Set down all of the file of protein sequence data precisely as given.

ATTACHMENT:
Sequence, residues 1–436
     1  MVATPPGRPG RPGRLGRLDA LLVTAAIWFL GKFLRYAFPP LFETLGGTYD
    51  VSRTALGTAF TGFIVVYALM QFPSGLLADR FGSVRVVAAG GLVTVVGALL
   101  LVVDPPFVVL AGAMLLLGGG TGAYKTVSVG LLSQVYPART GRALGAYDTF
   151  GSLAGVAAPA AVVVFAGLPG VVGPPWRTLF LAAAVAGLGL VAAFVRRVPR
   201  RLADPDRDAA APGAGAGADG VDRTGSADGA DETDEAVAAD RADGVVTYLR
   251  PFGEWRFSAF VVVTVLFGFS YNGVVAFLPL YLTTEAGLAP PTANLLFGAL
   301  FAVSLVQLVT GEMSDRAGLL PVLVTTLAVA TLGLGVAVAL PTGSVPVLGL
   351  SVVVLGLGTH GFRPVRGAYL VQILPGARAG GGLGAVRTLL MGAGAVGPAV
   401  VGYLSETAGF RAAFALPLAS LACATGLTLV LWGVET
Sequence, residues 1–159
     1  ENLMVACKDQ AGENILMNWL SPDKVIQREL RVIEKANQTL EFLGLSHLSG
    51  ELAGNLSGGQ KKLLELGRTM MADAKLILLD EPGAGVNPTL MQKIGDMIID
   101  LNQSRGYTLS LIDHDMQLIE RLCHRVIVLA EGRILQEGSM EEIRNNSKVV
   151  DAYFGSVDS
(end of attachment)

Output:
Sequence, residues 1–436
     1  MVATPPGRPG RPGRLGRLDA LLVTAAIWFL GKFLRYAFPP LFETLGGTYD
    51  VSRTALGTAF TGFIVVYALM QFPSGLLADR FGSVRVVAAG GLVTVVGALL
   101  LVVDPPFVVL AGAMLLLGGG TGAYKTVSVG LLSQVYPART GRALGAYDTF
   151  GSLAGVAAPA AVVVFAGLPG VVGPPWRTLF LAAAVAGLGL VAAFVRRVPR
   201  RLADPDRDAA APGAGAGADG VDRTGSADGA DETDEAVAAD RADGVVTYLR
   251  PFGEWRFSAF VVVTVLFGFS YNGVVAFLPL YLTTEAGLAP PTANLLFGAL
   301  FAVSLVQLVT GEMSDRAGLL PVLVTTLAVA TLGLGVAVAL PTGSVPVLGL
   351  SVVVLGLGTH GFRPVRGAYL VQILPGARAG GGLGAVRTLL MGAGAVGPAV
   401  VGYLSETAGF RAAFALPLAS LACATGLTLV LWGVET
Sequence, residues 1–159
     1  ENLMVACKDQ AGENILMNWL SPDKVIQREL RVIEKANQTL EFLGLSHLSG
    51  ELAGNLSGGQ KKLLELGRTM MADAKLILLD EPGAGVNPTL MQKIGDMIID
   101  LNQSRGYTLS LIDHDMQLIE RLCHRVIVLA EGRILQEGSM EEIRNNSKVV
   151  DAYFGSVDS